[tex]\gamma(1-v) = \frac{1-v}{\sqrt{(1-v)(1+v)}} = \sqrt{\frac{1-v}{1+v}}[/tex]​

    That may be recognized as the formula for calculating blueshift... which is no accident. When something is blueshifted, you are seeing it come at you with an increased frequency.

    Cheers -- sylas
  8. Jun 3, 2009 #7


    User Avatar
    Science Advisor

    One effect often omitted, when considering fast movement relative to distant stars is http://en.wikipedia.org/wiki/Aberration_of_light" [Broken]. When moving close to c you would see their position shifted towards your traveling direction. For example: a star which is 90° off your course would appear to be only 45° off.
    Last edited by a moderator: May 4, 2017
  9. Jun 3, 2009 #8
    Thanks to everyone for the Doppler effect explanation and the aberration of light, I now understand why the programs in the link you have send render thing so differently than what I initially imagined.

    I find it less gorgeous that originally thought, because as you travel, space around you becomes wrapped into your direction of travel and you find yourself in a large tunnel of nothingness with only one light at the end of the tunnel. This kind of sight would probably glorify the religious traveller.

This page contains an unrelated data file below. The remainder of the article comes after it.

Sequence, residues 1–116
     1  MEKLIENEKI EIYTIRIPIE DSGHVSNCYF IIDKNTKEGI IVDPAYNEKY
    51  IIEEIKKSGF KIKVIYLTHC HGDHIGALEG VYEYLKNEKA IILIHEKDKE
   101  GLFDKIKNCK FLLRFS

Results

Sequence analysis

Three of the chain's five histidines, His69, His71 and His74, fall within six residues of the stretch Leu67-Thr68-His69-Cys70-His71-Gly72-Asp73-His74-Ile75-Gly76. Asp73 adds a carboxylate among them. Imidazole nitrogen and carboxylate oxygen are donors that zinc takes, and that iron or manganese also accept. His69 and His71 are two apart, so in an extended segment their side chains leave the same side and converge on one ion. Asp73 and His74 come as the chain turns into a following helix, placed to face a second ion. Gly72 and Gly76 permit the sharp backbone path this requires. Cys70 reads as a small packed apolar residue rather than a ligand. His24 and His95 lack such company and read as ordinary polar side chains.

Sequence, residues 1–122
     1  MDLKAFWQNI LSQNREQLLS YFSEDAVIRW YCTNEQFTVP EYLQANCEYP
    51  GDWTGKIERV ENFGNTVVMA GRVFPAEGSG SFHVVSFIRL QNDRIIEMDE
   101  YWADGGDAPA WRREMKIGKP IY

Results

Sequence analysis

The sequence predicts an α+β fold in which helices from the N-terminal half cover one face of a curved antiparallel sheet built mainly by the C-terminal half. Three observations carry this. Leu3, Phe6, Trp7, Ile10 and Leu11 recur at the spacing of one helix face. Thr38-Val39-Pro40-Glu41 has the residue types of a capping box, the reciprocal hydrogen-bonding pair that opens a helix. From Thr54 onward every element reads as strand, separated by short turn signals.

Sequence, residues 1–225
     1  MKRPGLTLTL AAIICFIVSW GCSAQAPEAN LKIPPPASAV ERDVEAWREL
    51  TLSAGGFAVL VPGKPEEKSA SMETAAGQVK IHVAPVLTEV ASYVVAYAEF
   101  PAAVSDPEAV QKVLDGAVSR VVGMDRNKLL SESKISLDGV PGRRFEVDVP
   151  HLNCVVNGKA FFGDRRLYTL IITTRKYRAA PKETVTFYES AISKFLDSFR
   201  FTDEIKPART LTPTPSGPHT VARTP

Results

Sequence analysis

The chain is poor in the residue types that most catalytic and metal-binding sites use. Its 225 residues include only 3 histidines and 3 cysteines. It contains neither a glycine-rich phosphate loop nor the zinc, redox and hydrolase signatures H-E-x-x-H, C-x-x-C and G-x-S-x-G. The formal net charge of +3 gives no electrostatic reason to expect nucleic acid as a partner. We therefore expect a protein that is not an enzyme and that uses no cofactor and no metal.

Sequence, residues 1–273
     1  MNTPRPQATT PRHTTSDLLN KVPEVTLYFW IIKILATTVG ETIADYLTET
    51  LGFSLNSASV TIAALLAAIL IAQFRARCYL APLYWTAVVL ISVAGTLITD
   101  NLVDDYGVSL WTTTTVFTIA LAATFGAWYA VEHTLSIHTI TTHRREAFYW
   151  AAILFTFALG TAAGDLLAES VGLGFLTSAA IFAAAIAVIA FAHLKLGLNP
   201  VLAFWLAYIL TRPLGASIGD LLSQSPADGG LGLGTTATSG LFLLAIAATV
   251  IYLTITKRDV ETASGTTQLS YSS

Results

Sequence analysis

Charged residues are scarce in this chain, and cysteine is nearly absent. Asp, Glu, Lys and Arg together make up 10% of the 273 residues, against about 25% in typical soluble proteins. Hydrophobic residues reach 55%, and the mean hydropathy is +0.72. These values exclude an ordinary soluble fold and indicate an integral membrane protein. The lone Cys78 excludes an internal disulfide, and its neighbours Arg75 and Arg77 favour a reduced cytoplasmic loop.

10. Jun 3, 2009 #9


    User Avatar
    Science Advisor

    Beauty can come in surprising ways. Science has let us see things previously only imagined, and many others never previously conceived of.

    Think of what we have been able to see in the very small with great magnification; or the very fast with high speed video, or the very faint, with long exposure times. Then there are things we have seen in places we cannot go ourselves, or visions seen in light to which our eyes are not sensitive.

    If we ever get to that point, I would expect beauty in a universe wrapped around to lie compressed in your forward field of view, with a concentric rainbow of colors from the blueshift depending on angle of view... and if it was blueshifted beyond what my own eyes can see, or compressed to a small field of view, I expect that with the capacity to travel at high velocity would come also the technology to capture the view and reform it for my eyes.

    And I expect it would be beautiful.

    Cheers -- sylas
Share this great discussion with others via Reddit, Google+, Twitter, or Facebook